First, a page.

Performance of fish populations have been extensively investigated in the context of temperature, particularly with regard to projected temperature increases from climate change models. Despite the intrinsic relationship between temperature, O₂ and metabolism in fish, population differences in hypoxia tolerance have received little research attention to date. To address this knowledge gap, the hypoxia tolerance of geographically and genetically divergent populations of juvenile barramundi from across the distribution in northern Australia was assessed (Chapter 2). Juvenile barramundi were collected from five hatcheries across northern Australia, and were assessed for their resting O₂ consumption rate (ṀO₂) and critical O₂ level (O₂CRIT) using intermittent-flow respirometry. Measurements for all five populations were made at temperatures considered benign for this species across its distribution in Australia (26°C) and at temperatures that may be encountered during the pre-wet season (36°C). A posteriori comparisons revealed significant temperature effects for both resting ṀO₂ and O₂CRIT, but no conclusive evidence for population differences in either measure. The results from this study indicate a similar capacity for barramundi populations to regulate metabolism in response to hypoxia at typical and warm temperatures. The magnitude of temperature effects on O₂CRIT for barramundi was lower than for many other tropical and temperate fish species, indicating that barramundi retain a high capacity to regulate metabolism in hypoxic environments at high temperatures.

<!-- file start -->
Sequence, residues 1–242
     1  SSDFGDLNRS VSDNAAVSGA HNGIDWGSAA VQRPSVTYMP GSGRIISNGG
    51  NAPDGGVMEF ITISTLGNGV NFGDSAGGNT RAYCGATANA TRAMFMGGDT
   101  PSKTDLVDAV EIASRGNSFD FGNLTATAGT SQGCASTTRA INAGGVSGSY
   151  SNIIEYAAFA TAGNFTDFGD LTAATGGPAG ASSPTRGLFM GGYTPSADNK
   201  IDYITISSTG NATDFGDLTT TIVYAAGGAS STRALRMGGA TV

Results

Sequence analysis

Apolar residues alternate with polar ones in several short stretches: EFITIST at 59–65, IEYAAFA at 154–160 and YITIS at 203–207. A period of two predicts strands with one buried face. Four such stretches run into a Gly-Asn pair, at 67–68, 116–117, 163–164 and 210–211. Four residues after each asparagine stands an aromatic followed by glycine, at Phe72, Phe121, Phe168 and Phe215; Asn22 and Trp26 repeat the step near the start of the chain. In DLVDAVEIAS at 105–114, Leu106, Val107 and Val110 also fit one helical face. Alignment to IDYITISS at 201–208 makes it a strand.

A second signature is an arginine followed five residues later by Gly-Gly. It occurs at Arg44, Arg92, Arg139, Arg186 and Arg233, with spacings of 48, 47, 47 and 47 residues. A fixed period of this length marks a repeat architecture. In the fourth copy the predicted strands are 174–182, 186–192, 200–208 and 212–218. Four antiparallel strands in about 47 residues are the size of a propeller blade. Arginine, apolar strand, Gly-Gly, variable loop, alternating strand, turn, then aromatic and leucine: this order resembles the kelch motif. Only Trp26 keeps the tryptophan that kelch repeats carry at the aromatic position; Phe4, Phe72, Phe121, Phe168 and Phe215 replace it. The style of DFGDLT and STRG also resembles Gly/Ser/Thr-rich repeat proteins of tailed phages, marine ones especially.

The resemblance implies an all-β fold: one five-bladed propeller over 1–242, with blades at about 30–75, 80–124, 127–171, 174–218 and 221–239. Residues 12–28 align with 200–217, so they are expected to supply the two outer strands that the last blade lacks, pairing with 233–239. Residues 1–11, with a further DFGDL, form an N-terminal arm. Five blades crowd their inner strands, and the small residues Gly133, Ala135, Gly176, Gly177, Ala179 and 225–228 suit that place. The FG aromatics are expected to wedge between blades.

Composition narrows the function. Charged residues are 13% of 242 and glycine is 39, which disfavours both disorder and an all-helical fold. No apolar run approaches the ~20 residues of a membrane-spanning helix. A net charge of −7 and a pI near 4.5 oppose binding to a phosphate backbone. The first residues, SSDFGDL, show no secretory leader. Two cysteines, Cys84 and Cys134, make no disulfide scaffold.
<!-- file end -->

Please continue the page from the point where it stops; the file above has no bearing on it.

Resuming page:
Over long time scales (tens to hundreds of thousands of years), populations that are genetically divergent may become either locally adapted to a specified range of conditions (if conditions are constrained within a narrow range), or they may retain a large degree of physiological plasticity (if the environments they inhabit are highly variable). Further, dissolved O₂ may display high spatial and temporal variability in coastal freshwater and estuarine systems that is often overlooked in empirical studies. To assess the contribution of population-of-origin or physiological plasticity to hypoxia tolerance, juvenile barramundi (one tropical and one sub-tropical population) were exposed to daily fluctuations in dissolved O₂ (>85% to <10% saturation) for 0 (control), 8 or 16 d (Chapter 3). Fish (separate cohorts) were then assessed for either resting ṀO₂ and O₂CRIT, or haematological parameters. No changes in any parameters were detected after 8 d, however after 16 d a reduction in O₂CRIT, and increases in both haematocrit and haemoglobin were observed. No population differences were detected for any measured parameter. This study demonstrates that barramundi populations are capable of acclimating to diel-cycling hypoxic conditions following repeated exposure, and that such changes are accompanied by improvements to blood-O₂ carrying capacity.